Bioanalysis Zone

Interview with Hillel Brandes (Sigma Aldrich) on advances in bioseparation of large molecules


Hillel_BrandesHillel Brandes completed his doctorate in biochemistry from the University of Missouri-Columbia in 1990. He then held positions as a postdoctoral associate and research assistant professor in the Protein Chemistry & Engineering Program at Oak Ridge National Lab in conjunction with the University of Tennessee. In 1997 Hillel joined the bioseparations group at Supelco and participated in the development of the Discovery®, Discovery BIO and Ascentis® HPLC column lines. Currently Dr Brandes is a Principal Applications Chemist in Supelco’s Analytical Research Services group, where he focuses on applying the benefits of Fused-Core® and traditional high-performance columns for biopolymer separations with special emphasis on biotherapeutics.

Could you tell Bioanalysis Zone a little about your current role at Supelco?

My main role at Supelco is HPLC application support for our bioseparations product lines. This involves demonstrating the utility of our modern HPLC columns in addressing the analytical needs of our customers in the biotech, biopharmaceutical and academic market segments.

At what stage in your career did you first become involved in the development of HPLC columns and what first attracted your attention to this area?

I first became involved with development of HPLC columns shortly after arriving at Supelco. Prior to that, I had developed a working expertise in bioseparations of peptides and proteins. This was done in support of basic research to understand the activity and regulation of enzymes from a structure-function perspective. I always enjoyed the challenge of chromatographic method development from a pragmatic  standpoint of maximizing resolution, throughput, and taking advantage of selectivity. Part of effective method development, is of course, appropriate choice of the stationary phase. A logical extension of this was an interest in column chemistries that give the user unique tools to address their separation needs.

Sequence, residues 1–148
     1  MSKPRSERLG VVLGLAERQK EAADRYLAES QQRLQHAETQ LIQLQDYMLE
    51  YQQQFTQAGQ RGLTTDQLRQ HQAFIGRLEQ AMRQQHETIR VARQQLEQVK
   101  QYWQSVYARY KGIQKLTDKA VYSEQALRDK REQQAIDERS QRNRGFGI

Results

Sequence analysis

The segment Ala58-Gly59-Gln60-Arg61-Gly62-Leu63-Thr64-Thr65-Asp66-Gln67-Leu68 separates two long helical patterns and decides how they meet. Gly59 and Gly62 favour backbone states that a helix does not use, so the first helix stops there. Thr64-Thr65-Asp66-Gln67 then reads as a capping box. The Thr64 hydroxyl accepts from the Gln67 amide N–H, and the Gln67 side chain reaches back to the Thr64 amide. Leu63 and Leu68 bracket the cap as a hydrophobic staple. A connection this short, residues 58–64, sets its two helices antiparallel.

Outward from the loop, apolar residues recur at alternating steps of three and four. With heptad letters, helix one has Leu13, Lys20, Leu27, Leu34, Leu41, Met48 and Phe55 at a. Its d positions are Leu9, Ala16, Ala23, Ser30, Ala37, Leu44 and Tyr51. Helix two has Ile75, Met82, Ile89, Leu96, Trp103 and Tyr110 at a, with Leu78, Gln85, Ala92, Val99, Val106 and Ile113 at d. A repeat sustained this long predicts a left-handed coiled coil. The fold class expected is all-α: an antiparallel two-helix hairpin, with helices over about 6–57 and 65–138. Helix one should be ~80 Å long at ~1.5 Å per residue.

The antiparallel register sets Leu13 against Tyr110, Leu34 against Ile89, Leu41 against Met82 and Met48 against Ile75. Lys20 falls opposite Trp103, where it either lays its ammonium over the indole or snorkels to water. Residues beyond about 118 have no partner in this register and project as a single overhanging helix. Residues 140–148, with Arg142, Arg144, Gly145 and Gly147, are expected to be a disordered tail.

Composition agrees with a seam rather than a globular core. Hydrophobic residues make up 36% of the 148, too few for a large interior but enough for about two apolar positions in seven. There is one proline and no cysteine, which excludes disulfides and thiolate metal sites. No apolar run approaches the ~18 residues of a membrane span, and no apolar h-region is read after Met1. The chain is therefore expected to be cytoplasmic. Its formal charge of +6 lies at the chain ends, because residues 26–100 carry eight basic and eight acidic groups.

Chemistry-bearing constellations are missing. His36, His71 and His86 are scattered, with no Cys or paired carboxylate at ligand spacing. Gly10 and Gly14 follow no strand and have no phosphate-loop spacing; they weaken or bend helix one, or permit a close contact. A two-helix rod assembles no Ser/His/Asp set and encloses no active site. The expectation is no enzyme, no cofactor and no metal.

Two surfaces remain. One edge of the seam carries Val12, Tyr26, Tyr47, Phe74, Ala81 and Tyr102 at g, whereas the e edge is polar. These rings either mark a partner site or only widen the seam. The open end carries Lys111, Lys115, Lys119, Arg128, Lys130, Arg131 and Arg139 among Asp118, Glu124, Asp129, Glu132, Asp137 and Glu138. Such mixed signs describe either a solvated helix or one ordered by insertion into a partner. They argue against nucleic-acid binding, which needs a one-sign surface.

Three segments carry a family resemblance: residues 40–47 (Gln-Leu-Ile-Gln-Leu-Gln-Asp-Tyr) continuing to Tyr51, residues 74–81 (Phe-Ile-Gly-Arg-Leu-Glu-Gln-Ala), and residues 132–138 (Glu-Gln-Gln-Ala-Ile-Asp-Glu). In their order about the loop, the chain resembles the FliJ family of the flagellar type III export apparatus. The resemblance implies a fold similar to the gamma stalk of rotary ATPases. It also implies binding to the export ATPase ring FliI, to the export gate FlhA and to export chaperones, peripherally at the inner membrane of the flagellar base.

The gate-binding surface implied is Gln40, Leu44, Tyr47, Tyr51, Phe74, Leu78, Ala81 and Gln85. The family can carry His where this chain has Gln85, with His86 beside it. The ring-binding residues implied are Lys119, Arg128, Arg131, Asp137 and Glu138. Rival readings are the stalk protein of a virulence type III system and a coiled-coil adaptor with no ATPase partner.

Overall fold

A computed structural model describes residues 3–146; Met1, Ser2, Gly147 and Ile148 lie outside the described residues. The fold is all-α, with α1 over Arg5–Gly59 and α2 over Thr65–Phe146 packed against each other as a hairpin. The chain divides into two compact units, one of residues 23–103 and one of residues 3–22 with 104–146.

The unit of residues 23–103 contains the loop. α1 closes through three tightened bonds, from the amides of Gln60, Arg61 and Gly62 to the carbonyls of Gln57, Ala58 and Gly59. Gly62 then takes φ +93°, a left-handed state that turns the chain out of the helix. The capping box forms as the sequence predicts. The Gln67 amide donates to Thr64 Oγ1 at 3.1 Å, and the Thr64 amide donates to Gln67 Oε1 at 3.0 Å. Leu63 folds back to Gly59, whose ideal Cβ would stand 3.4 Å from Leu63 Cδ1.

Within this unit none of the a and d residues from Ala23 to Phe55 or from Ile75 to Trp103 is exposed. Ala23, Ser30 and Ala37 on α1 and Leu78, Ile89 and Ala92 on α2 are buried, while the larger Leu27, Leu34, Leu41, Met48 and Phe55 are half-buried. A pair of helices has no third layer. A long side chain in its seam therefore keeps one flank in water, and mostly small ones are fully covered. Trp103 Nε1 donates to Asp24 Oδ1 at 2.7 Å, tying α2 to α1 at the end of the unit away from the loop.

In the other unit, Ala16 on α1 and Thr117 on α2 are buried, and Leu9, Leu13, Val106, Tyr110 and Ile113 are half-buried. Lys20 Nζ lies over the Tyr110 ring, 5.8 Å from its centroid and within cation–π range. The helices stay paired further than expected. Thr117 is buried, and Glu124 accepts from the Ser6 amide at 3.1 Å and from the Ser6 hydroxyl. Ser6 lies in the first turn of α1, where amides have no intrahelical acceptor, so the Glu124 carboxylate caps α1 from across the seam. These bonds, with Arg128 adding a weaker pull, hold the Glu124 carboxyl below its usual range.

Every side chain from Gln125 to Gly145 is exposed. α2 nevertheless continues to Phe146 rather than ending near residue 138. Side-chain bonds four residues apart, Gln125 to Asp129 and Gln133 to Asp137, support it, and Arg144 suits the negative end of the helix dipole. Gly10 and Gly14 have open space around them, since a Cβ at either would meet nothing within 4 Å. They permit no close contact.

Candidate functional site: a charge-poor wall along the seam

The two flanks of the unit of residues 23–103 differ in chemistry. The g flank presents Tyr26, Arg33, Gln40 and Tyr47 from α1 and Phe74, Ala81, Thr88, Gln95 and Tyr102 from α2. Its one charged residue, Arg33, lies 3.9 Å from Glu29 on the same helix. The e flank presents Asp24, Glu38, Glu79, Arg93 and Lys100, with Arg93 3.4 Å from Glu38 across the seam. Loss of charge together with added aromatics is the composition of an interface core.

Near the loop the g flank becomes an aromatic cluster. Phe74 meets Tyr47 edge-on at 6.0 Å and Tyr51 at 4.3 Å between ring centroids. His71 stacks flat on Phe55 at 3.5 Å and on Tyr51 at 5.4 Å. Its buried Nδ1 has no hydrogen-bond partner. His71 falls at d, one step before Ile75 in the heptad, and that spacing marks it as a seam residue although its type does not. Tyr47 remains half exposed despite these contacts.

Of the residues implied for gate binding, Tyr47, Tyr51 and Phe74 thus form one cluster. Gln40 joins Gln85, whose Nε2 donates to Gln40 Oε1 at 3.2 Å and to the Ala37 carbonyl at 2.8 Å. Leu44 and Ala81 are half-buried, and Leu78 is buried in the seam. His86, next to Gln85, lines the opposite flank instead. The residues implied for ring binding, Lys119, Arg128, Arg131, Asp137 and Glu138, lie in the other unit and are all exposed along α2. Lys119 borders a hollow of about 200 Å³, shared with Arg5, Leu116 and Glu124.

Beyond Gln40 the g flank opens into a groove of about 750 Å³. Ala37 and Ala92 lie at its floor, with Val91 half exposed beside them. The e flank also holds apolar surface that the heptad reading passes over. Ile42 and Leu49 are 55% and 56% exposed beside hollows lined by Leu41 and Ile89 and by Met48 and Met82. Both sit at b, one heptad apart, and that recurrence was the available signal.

In the past, core-shell columns have been used for small molecules. You have recently developed core-shell columns that are suitable for peptides and other large molecules. What are the challenges you have faced when adapting this technology for use with large molecules?

Core-shell columns for large molecule analysis have only come on the market in the last few years. That is, core-shell columns with pore sizes between 150 and 400 Å. Prior to this, core-shell columns were only available for small to intermediate-sized molecules. The major challenge in adapted the technology of core-shell type particles for large molecule separations, has been in identifying best options for pore size, shell thickness and particle size. The topic of optimum pore size for the separation of biological macromolecules, or fragments thereof, is not new. Of course, selection of a pore size(s) will be a compromise and no one pore size is optimal for all samples. Appropriate shell thickness will be affected by the mechanism of interaction of the analyte with the stationary phase, as well as diffusion rates between the bulk solvent and the stationary phase. Optimum particle size will be determined in part, by a compromise between a desire for maximizing resolution (i.e. smaller particles), pore size and optimizing flow (large analytes have relatively low diffusion rates).

During purification, proteins are often in the presence of surfactants to inhibit protein aggregation or adsorption. What methods can be used to measure the level of aggregation?

There are a variety of physicochemical methods for measuring aggregates, depending on the size of the aggregate (asymmetric field flow fractionation, optical microscopy, resonant mass measurement, Coulter principle). But as for chromatographic methods, traditionally, size-exclusion has been the approach taken, though more recently some have demonstrated the application of hydrophobic interaction chromatography for antibody aggregate analysis.

Could you tell us a bit about challenges to method development for applications involving protein and biotherapeutic analyses?

Traditionally, reversed phase separations of peptides and proteins have been with water-acetonitrile mobile phase systems with dilute TFA to affect pH and ion-pair, and performed at moderate temperatures with UV detection. Today, LC-MS is becoming more and more popular, and so this may dictate choice of alternate pH control or choice of buffers. Additionally, biotherapeutics may represent cases of unusual analyte hydrophobicity, and so generic methods may not always be satisfactory. The chromatographer may need to consider alternate mobile modifiers, additives and/or operate at elevated temperature.

What are you excited about working on over the next year?

Elucidating and developing more effective chromatographic strategies for biotherapeutic analysis and characterization.


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